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Article | October 11, 2012
How to work with demanding retailers
You, too, can improve communication, avoid rush jobs, keep your packaging lines flexible and delight your customers; let the experts tell you how...
Manufacturers no longer call the shots the way they did more than 100 years ago when Henry Ford told consumers that they could have their Model T painted any color “so long as it is black.” Just as the Information Revolution supplanted the Industrial Revolution, retailers – empowered by scanner data – supplanted manufacturers as the most powerful players in in the supply chain.
“The balance of power shifted 25 years ago, and that just continues,” says one packaging professional with a CPG manufacturer. The advent of retail scanner data gave retailers access to shoppers’ buying habits that effectively turned the tables on brand owners, who until then were presumed to have the closest ties to consumer wants and needs.
The challenge for packaging professionals is to wrangle some semblance of control, or at least sanity to the pressures of major retail buyers who think that creating a new package consists of “flipping a switch” and having shipments appear. Too often, they expect their CPG suppliers to jump through hoops that may be detrimental to the product, the integrity of the packaging, the brand owner’s packaging operation and the profitability of doing business in the retail arena.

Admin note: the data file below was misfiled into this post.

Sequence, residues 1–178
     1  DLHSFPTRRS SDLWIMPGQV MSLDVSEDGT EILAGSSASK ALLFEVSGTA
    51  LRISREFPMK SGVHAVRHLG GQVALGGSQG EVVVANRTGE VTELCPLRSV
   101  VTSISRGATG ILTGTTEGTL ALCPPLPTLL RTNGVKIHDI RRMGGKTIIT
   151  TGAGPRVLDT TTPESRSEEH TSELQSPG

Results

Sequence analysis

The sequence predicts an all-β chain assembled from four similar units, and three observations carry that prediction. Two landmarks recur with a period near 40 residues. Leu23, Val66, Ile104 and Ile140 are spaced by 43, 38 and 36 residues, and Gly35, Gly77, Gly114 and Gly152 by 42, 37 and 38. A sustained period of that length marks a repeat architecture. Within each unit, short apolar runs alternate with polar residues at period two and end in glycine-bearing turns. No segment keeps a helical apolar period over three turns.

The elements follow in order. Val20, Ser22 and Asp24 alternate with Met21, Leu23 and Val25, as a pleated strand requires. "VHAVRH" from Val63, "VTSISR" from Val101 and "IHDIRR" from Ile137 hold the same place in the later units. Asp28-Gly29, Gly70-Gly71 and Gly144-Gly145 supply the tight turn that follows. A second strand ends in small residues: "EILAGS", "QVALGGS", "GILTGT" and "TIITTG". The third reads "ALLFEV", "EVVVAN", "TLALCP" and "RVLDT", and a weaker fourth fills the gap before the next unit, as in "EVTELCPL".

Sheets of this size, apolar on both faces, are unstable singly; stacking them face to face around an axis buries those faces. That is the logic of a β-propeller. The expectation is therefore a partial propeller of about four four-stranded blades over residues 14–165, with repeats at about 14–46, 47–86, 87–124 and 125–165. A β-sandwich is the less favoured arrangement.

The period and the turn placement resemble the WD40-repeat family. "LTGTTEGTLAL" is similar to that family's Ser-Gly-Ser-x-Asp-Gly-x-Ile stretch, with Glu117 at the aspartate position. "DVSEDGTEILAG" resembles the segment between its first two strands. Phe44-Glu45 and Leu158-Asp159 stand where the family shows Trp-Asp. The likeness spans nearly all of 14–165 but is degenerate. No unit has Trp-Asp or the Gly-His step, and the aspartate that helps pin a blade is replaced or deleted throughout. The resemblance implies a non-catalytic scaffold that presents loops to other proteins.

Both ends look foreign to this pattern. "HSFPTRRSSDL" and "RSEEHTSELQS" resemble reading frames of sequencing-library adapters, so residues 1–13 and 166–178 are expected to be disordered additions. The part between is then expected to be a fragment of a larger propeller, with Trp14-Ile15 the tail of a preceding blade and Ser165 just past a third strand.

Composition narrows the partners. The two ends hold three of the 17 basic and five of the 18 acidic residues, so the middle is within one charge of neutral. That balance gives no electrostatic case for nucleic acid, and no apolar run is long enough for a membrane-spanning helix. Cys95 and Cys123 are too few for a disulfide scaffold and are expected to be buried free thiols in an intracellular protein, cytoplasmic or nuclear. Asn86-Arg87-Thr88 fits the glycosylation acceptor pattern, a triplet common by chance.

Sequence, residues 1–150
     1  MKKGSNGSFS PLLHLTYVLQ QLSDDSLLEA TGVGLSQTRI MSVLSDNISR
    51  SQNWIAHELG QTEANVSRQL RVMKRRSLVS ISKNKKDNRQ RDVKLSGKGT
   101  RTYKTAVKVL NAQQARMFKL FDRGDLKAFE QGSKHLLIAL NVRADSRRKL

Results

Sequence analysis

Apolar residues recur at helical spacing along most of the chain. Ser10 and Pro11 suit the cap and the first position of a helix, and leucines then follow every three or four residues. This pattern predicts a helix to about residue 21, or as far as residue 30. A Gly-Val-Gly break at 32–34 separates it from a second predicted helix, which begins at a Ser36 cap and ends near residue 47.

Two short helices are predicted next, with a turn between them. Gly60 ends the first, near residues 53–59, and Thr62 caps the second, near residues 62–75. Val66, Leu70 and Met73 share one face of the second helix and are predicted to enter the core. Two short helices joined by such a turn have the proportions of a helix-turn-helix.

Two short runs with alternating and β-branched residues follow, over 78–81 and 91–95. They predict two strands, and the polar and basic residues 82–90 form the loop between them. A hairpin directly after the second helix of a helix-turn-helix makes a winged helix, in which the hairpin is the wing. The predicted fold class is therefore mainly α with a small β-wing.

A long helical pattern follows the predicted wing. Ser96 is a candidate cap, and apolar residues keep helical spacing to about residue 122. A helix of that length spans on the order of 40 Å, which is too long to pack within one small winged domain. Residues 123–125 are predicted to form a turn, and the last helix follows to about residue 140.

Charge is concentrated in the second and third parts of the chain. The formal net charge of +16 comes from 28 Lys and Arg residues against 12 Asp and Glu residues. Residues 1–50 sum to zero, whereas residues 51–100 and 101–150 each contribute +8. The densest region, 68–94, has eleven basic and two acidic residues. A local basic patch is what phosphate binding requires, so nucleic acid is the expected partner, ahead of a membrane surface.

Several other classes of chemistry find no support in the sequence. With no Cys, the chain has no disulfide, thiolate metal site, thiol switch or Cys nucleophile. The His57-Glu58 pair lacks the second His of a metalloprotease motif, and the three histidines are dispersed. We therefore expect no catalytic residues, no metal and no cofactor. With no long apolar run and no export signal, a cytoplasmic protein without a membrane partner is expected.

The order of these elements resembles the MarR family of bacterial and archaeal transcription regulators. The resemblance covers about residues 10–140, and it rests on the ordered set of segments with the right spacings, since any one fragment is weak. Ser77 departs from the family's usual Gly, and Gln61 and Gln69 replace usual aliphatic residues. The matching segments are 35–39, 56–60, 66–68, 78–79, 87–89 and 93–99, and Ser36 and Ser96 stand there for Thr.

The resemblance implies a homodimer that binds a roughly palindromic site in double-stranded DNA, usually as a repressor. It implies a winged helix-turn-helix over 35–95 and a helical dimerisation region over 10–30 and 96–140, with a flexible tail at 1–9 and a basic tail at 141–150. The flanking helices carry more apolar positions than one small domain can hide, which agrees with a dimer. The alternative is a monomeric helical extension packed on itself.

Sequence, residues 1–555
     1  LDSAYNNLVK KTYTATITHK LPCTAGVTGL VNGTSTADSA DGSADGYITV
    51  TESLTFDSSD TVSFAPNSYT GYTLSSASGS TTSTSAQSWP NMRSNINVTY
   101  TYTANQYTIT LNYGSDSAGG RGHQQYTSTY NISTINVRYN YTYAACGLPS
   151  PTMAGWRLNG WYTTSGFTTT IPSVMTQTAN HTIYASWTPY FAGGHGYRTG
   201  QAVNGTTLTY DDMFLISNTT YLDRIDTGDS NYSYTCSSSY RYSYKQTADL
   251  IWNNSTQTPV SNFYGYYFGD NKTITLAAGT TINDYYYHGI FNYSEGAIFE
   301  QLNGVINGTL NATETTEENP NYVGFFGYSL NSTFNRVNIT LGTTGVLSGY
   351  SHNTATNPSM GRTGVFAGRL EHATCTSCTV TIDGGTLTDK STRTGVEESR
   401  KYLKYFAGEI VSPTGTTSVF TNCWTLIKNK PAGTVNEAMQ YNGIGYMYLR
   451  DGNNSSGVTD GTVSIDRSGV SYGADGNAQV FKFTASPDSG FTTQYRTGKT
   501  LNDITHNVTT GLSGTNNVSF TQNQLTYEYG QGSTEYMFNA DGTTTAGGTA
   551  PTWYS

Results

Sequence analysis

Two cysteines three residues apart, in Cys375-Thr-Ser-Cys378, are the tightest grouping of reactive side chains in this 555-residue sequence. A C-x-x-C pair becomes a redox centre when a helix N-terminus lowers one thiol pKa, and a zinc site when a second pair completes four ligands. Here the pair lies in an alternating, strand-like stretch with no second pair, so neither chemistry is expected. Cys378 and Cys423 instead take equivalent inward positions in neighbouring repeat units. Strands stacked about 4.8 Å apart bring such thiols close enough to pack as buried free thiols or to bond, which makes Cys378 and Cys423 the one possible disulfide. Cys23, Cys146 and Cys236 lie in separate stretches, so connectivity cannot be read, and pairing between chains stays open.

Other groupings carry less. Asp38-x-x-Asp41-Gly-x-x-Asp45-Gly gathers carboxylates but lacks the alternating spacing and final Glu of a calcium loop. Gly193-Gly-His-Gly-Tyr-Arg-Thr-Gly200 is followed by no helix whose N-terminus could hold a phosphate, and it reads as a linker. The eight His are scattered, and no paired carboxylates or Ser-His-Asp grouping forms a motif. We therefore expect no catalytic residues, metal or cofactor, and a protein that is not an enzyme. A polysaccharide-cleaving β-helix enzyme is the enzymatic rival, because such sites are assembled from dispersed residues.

Here are some tips to help you cope:
Improve sales/packaging communication: Too often, CPG sales reps will cave to pressure by retail buyers’ pressure to create unique customer-specific packages. While working to help customers improve their packaging knowledge – something that may or may not be accomplished – packaging leaders can, nonetheless, make efforts to improve communication with their own sales organization. Leaders on cross-functional package development teams are in a position to make this happen.
Knowing what package designers and packaging line operators can – or can’t – produce is vital for setting realistic expectations in the retail buyer’s office.
A sales rep who is educated on packaging issues is in a better position to direct the buyer toward practical custom-packaging packaging solutions.
Don’t rush products to market: One packaging pro is sad to say that he sees sales reps over-promising custom packages to retailers “today more than ever before.” He says package development efforts are sandwiched between a sales organization that needs to generate revenues and retailers “who in an effort to develop traffic, are just throwing stuff out onto the shelves without really having a long-term vision.”
The solution is simple to say and hard to do: Discipline. Speeding a custom package to market is a great idea for cementing your retail relationship – but not if sales makes promises that production can’t deliver. So make sure you set reasonable expectations, staring with the timeline. Pace your sales force to keep them from overselling a new package while your gleaming, new line reaches peak production. This will keep packaging, from designers to the shipping dock, from working in a reactive mode that is the enemy of a well- executed retail launch.
Spec machines for plant flexibility: Meeting every customer whim may not be possible, but when possible, producing retailer-specific packaging can be profitable if the plant producing those packages is flexible and efficient.